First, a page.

Chainsaw Guide Bar Inspection - Maintenance
This page contains a down and dirty reference for your chainsaw guide bar inspection and preventative maintenance. In the chainsaw world, there's plenty of opinions as to how this practice should occur - this is one interpretation. Guide Bars receive a ton of abuse, they're expensive and an integral part of operational safety and performance. A quick tip... if you happen pinch your bar, use a wedge and felling axe to relieve the strain (when bucking). If you overly torque on the bar, you will bend it - causing your saw to cut crooked (if your chain sharpening skills lack, you'll exacerbate the situation). Follow the slide-show and written regimen below to learn more about bar inspection, and preventative maintenance.
Remove, clean, and inspect your guide bar tip, base, rail, and heel. Inspect for wear on the inner/ outer rails and the bar itself. Use a tool to scrape out the sawdust and oil from the inner bar rail groove (See Image 3), ensuring to unclog the bars oil port (See Image 2). Gunsight the bar for unevenness or bends (See Image 4). Inspect the bar tip sprocket for roll-ability and wear (See Image 1).
If the bars rail has developed burs or mushrooming (depending on the severity, you may need to junk the bar), remove the condition with a fine - flat file, dry stone, or 250+ grit sandpaper (See Image 6). Bottom line, if you're taking a flat file to your bar, you may need to increase your maintenance intervals. Tip: carry sand paper in your saw kit to address the start of any burs, while performing field maintenance. Loose chain tension will wear your bar groove and rails - causing the chainsaw to cut crooked. Rotate your bar after every sharpening - this will extend bar life.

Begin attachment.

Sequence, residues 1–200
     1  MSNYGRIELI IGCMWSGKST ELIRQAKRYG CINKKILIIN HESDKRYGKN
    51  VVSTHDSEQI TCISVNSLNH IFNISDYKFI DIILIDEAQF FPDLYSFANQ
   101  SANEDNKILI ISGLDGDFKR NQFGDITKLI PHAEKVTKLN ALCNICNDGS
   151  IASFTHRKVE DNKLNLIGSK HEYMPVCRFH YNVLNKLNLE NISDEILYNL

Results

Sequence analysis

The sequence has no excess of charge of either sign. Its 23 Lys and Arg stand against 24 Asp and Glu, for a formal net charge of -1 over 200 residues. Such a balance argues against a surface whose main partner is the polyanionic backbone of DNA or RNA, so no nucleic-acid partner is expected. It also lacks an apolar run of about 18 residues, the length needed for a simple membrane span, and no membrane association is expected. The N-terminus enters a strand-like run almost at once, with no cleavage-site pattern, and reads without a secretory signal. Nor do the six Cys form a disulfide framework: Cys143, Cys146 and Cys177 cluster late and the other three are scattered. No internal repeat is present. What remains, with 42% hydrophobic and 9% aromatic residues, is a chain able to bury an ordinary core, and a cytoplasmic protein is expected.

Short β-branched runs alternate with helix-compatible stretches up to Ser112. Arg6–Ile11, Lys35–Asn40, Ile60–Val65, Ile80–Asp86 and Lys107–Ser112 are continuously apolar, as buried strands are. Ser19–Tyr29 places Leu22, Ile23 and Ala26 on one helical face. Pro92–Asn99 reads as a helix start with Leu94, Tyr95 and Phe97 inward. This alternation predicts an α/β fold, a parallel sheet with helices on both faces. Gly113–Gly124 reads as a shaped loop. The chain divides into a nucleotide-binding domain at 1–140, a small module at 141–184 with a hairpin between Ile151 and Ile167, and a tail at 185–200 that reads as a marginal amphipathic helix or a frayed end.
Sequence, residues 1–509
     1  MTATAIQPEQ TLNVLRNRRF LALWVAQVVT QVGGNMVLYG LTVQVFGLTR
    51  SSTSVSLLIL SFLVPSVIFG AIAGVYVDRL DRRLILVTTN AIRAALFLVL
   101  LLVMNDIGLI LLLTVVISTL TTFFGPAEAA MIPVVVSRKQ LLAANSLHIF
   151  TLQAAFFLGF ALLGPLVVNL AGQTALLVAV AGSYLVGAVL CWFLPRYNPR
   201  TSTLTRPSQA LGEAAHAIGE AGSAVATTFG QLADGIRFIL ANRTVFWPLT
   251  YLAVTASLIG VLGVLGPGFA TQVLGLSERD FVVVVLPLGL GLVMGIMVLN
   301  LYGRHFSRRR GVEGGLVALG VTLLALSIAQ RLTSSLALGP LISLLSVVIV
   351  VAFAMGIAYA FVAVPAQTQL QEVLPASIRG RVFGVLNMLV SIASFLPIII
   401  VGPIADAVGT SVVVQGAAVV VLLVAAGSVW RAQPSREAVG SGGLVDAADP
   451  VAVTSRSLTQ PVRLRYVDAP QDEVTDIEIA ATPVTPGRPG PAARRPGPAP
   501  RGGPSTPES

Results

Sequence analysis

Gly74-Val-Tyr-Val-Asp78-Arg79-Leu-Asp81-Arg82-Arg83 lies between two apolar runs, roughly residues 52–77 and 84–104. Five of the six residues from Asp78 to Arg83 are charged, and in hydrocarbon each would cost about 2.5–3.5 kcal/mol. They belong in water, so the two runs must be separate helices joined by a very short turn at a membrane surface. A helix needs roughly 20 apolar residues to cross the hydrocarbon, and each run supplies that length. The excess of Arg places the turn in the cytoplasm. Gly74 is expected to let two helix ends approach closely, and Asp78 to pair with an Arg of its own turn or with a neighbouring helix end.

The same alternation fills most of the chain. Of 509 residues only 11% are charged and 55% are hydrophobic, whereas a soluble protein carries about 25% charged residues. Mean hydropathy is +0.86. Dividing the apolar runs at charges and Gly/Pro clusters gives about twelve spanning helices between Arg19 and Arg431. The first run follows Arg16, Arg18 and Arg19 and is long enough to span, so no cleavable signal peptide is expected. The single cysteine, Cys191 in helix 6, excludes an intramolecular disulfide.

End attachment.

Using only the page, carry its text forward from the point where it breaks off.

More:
If your chainsaw guide bar has a unplugged hole (used when manufacturing guide bar) , clean the sawdust from the hole and replug. Your local dealer should have plugs for sale (See Image 8). A plugged bar hole will cause the bar to stick while cutting.
Re-assemble your bar and chain to its powerhead, remembering to rotate the bar for even wear. Adjust your chain tension properly and inspect for chain drift (See Image 7). Take a straight edge perpendicular to your saw bar and outer chain tooth (image 5). If there's clearance between the bar and tooth, then (most likely), your inner bar rail has not worn, and doesn't need replacing. If you're able to move the chain tooth (i.e. the chain will rest flat against the straight edge), it's a good indicator that your inside rail groove is worn. If you can rescue your removable tip, do so and junk the bar. Tip. Frequently inspect your chain tension to prevent chain throw, chain driver/ inner bar rail damage, and clutch/ sprocket wear. Getting a good start on preventative saw maintenance will save you time, money, frustration and increase your operational performance. For more information on chainsaw guide bar, chain sharpening, or my other valuable services, please contact me.